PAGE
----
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|BloodRayne series character|
Promotional artwork by EA Japan, also used in the anime BloodRayne: Armageddon
|Created by||Majesco Entertainment|
|Voiced by (English)||Laura Bailey (BloodRayne, BloodRayne 2)
Jessie Seely (BloodRayne: Betrayal)
|Voiced by (Japanese)||Romi Park|
|Portrayed by||Kristanna Loken (first film)
Natassia Malthe (second and third films)
Rayne, sometimes called Agent BloodRayne, is a fictional character in the BloodRayne series of video games. Created by Majesco Entertainment, she is the series' titular protagonist, appearing in both games and later extended media, such as comic books and films related to the series. She has also appeared in other formats, such as an MTV music video and the first entry in Playboy's "Gaming Grows Up" series of articles. In video games she is voiced by Laura Bailey in English, Jessie Seely in BloodRayne: Betrayal, and Romi Park in Japanese. She was portrayed by Kristanna Loken in the first live action film, and by Natassia Malthe for its sequels.
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Rayne is a American Dhampir, born 1915. Her mother was raped by her vampire father, Kagan. Kagan later murdered her mother's entire family so that the only family member Rayne could turn to was him. This was a policy for all of the dhampir he "created", possibly so that humans wouldn't revolt and use the vampire/dhampir weakness of the sun, holy items and water against them.
Circa 1933[clarification needed], she spent her teenage years trying to hunt down and kill her father, to avenge her family. Her search led her to Europe, where she murdered vampires before being apprehended. She claimed that her victims had been vampires, but was disbelieved by the authorities, but quickly managed to escape from them and continue her hunt.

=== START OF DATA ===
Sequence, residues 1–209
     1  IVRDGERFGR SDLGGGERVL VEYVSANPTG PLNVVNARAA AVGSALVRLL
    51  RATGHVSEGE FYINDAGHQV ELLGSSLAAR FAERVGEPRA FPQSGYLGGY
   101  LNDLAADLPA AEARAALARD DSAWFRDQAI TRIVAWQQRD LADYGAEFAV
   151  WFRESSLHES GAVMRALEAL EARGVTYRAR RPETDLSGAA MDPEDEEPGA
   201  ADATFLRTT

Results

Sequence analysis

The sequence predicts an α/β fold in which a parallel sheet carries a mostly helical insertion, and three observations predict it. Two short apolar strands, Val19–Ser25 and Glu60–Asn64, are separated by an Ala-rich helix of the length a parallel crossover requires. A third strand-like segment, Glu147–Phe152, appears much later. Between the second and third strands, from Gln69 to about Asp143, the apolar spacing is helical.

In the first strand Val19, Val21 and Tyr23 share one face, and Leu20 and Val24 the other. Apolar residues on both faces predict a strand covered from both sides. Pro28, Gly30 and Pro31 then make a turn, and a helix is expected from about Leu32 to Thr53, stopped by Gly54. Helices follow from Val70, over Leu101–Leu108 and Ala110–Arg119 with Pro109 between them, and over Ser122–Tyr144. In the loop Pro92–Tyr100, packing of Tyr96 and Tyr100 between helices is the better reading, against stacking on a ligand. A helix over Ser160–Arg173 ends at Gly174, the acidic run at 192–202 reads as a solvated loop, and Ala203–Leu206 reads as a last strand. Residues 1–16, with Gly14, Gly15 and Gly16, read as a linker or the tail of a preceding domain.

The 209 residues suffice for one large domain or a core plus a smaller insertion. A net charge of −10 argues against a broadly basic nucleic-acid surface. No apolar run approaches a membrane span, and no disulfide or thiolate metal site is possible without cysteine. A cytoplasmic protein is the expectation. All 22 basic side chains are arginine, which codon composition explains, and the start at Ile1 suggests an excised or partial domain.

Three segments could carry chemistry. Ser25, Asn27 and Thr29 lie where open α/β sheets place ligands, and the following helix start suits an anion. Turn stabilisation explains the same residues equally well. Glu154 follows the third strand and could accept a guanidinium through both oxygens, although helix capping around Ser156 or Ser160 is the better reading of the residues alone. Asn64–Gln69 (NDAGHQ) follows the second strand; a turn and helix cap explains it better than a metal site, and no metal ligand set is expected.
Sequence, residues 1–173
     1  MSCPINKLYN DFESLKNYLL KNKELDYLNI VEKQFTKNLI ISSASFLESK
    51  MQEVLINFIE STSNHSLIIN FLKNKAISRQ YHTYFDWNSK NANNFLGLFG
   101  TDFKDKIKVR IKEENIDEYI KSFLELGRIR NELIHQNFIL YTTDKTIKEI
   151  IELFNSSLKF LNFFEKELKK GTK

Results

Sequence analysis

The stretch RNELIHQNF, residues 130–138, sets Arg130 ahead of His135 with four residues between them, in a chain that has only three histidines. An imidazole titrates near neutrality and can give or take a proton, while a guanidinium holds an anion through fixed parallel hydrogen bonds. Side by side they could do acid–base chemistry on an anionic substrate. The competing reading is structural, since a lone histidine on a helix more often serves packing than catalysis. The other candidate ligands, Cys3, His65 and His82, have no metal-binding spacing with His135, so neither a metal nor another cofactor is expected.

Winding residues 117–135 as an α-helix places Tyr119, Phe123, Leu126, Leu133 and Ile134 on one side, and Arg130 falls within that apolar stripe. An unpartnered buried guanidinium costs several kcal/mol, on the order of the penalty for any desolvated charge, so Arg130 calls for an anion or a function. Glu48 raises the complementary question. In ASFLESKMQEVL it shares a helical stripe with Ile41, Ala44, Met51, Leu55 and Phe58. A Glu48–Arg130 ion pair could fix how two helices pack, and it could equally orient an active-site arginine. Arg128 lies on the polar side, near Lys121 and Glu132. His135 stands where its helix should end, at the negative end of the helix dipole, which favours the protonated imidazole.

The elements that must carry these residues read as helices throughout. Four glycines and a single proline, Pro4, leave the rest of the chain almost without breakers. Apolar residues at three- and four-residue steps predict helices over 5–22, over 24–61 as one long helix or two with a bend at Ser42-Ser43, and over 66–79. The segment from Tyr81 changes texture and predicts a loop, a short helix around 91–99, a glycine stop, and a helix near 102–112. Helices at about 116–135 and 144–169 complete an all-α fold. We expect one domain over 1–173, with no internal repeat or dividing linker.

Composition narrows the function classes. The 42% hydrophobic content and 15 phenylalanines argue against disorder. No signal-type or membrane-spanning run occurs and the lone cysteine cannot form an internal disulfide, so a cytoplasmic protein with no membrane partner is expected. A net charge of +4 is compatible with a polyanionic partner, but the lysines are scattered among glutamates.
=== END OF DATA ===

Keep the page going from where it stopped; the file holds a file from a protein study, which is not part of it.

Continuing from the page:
She was recruited into the mysterious Brimstone Society via an invitation. The Brimstone Society sent her on missions to eliminate supernatural threats to the world. One of these missions required her to use her vampiric powers against the Nazis, who were on the verge of using magical artifacts to bring the demon Beliar back to life. Rayne also learned of a plan to use demonic parasites called 'Daemites' against the enemies of the Nazis, after they had been tested on prisoners. The background to the story is influenced by the existence of various historically real Nazi occult groups such as the Thule society.
In 2005, Rayne appeared in Majesco's Infected as an unlockable character. When asked if she had a storyline of her own for the title, Majesco producer Dean Martinetti stated no, adding that the game's protagonist "just happens" to resemble the character.
Conception and design
Rayne's character was inspired by an existing Terminal Reality-created character, the dhampir Svetlana Lupescu, who appeared in their 1999 game Nocturne. Described as initially having a "militant, dark gothic look [...] a brunette with tight buns in her hair and a very severe body line", the character went through several design changes, with an active goal to make her as appealing and distinctive as possible in order to create a franchise with lasting appeal. To this end they worked to give her a unique look, relying not only on making the character sexually appealing but also make her stand out in people's eyes, which producer Raymond Holmes her arm blades achieved. Her design was additionally intended to have a presence "both menacing and sexy at the same time", which he felt made her "a particularly strong female lead character with lots of attitude".
Majesco manager Liz Buckley in interviews said her designers had learned from focus groups that boys and young men not only liked female lead characters, but that they paid more attention to them. She added that "injecting sensuality" into Rayne's character design, describing her appearance as "lethal erotica" and adding that she felt no problem using the fact Rayne was "inherently sexy" to promote the character. Additional care for detail was done for her face, after noting focus groups wished to see it as compared to solely seeing the character from behind. Buckley went on to state "T&A will only get you so far", adding that while the character was aimed at a target audience of males ages seventeen to thirty-four, she felt the character had a female fan following as well due to being "empowering to play".